Inside the museum is a wonder of culture and history. Each wing is dedicated to a separate civilization in Mesoamerican culture—one for the Toltecs, another for Teotihuacan. But the largest spaces are reserved for the Aztecs and Maya. And in the center of the building is the stunning Aztec Stone of the Sun—often erroneously called the "Aztec Calendar"—perhaps the most recognizable symbol in Latin America. Diana Magaloni Kerpel, the museum director, peers at the stone.

"It is not a calendar. It's really the image of space and time. It's an image of how the Aztecs conceived themselves as in the center of time and space," she says. "Look at that. There is face in the middle—that is the cosmos. The Maya wouldn't do that—ever."

If you have not been paying attention to doomsayers or John Cusack movies, December 21, 2012, is the day that many say the Maya predicted the world would end. Internet stories regularly detail the Maya calendars although displaying the Aztec Stone of the Sun (including one, we regret, that was published on Scientific American Online). Looking at the reality of ancient Mesoamerica, it quickly becomes clear that much of the uproar rose out of a confusion of two distinct cultures that lived 500 years apart.


The "Monsanto Rider": Are Biotech Companies About to Gain Immunity from Federal Law?

While many Americans were firing up barbecues and breaking out the sparklers to celebrate Independence Day, biotech industry executives were more likely chilling champagne to celebrate another kind of independence: immunity from federal law.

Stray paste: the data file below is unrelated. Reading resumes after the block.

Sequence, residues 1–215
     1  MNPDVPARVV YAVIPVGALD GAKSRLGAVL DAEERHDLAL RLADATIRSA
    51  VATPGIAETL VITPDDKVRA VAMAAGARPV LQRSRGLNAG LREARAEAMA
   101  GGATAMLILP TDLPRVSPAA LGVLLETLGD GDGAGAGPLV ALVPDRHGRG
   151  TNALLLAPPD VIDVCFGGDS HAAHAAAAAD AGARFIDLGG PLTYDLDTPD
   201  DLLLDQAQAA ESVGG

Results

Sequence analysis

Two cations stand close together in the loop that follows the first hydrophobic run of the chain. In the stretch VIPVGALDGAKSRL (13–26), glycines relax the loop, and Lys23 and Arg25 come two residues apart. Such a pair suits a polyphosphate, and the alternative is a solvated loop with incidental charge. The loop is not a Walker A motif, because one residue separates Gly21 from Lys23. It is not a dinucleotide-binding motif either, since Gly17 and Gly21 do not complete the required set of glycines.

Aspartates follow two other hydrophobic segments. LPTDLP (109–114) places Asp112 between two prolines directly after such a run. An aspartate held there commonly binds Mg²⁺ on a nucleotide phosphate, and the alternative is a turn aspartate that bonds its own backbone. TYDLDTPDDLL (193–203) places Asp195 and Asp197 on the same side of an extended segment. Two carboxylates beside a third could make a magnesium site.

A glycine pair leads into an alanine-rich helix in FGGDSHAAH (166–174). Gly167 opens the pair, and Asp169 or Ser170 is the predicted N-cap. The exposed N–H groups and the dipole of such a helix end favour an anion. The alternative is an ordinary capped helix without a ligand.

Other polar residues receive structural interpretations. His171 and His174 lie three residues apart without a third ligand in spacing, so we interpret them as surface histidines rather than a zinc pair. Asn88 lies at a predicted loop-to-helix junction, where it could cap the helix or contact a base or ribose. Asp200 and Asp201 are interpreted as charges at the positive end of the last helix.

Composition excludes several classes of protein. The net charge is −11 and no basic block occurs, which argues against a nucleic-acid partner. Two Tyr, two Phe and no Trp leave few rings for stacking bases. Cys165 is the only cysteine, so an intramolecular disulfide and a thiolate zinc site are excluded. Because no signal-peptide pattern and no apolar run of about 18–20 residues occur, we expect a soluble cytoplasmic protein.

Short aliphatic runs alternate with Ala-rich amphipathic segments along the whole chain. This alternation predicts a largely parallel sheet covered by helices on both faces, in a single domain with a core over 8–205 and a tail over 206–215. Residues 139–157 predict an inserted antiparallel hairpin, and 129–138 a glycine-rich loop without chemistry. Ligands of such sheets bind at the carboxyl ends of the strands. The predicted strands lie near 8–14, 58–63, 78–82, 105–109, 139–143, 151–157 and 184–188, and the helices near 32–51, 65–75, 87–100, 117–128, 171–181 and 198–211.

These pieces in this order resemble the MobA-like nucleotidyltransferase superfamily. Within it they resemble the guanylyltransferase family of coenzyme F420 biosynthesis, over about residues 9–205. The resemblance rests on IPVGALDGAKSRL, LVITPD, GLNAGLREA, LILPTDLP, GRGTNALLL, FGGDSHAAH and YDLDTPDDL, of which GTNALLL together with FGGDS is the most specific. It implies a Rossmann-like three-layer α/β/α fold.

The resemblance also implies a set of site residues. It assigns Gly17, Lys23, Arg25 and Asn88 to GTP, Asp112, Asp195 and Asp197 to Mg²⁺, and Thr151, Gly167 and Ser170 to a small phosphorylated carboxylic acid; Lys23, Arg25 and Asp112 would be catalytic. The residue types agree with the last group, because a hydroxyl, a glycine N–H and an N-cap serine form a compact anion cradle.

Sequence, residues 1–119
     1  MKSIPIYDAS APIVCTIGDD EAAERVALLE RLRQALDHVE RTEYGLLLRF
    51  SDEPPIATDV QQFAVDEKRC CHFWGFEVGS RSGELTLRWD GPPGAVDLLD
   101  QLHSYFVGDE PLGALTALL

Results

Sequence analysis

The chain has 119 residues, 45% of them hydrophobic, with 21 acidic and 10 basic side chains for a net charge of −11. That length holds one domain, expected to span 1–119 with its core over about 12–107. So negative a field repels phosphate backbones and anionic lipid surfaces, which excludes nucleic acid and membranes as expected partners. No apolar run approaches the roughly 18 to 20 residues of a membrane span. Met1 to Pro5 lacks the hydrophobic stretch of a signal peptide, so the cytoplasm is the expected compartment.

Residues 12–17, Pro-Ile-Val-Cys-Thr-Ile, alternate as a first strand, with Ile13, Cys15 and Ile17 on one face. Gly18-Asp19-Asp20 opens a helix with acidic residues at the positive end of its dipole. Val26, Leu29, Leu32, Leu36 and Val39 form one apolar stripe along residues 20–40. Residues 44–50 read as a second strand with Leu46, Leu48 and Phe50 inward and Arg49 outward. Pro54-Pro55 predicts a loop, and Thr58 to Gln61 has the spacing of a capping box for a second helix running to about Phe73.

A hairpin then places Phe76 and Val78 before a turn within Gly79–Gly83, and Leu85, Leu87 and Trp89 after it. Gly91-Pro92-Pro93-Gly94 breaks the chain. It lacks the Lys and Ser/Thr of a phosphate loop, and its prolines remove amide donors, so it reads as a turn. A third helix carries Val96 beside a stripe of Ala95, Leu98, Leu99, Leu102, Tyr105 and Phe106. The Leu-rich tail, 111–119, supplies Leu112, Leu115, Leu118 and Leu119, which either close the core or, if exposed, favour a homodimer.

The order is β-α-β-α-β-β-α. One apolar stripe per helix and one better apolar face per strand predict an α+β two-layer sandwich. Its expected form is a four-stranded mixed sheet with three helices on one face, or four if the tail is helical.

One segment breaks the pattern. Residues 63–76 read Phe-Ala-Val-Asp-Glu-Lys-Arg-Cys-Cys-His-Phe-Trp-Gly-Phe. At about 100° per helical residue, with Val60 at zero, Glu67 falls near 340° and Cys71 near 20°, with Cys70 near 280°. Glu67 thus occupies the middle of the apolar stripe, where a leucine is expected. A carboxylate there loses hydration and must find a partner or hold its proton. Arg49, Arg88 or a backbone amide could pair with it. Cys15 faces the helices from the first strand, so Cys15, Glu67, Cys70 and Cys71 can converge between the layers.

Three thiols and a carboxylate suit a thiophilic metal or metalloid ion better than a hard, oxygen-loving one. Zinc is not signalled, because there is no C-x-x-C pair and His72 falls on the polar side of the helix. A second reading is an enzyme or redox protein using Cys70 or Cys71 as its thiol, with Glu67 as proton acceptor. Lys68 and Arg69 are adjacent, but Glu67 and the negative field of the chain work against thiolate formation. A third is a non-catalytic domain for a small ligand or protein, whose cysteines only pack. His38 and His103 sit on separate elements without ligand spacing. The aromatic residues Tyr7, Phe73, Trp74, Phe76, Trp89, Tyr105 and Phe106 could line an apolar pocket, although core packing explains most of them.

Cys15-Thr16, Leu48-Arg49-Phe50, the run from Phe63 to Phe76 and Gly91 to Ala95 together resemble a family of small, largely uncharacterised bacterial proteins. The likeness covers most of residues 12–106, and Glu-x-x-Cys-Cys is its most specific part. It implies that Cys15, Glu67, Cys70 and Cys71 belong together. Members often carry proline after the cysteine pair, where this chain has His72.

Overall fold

A so-called "Monsanto rider," quietly slipped into the multi-billion dollar FY 2013 Agricultural Appropriations bill, would require – not just allow, but require - the Secretary of Agriculture to grant a temporary permit for the planting or cultivation of a genetically engineered crop, even if a federal court has ordered the planting be halted until an Environmental Impact Statement is completed. All the farmer or the biotech producer has to do is ask, and the questionable crops could be released into the environment where they could potentially contaminate conventional or organic crops and, ultimately, the nation's food supply.

Unless the Senate or a citizen's army of farmers and consumers can stop them, the House of Representatives is likely to ram this dangerous rider through any day now.

In a statement issued last month, the Center For Food Safety had this to say about the biotech industry's latest attempt to circumvent legal and regulatory safeguards:

Ceding broad and unprecedented powers to industry, the rider poses a direct threat to the authority of U.S. courts, jettisons the U.S. Department of Agriculture's (USDA) established oversight powers on key agriculture issues and puts the nation's farmers and food supply at risk.
In other words, if this single line in the 90-page Agricultural Appropriations bill slips through, it's Independence Day for the biotech industry.


What Is Causing The Climate To Unravel?

Answer: One trillion tons of carbon pollution.

40,000 heat records have already been broken this year across the United States, according to the National Oceanic and Atmospheric Administration. Here in Fredericksburg, Virginia, the signs of an unbalanced climate system have been felt in recent years not just in heatwaves, but increasingly in the form of unusually severe wind storms. This past weekend’s storm brought 80 mph wind gusts that snapped three trees in our backyard like pretzels, even though they were each a foot thick. Once again, my insurance company is teaching me new weather terminolgy to explain the latest climate disasters. A few years ago, the term was “micro-bursts” (not quite tornadoes, but similar impact). Now it is “derecho” (not quite hurricanes, but similar impact).



Positive article about climate change....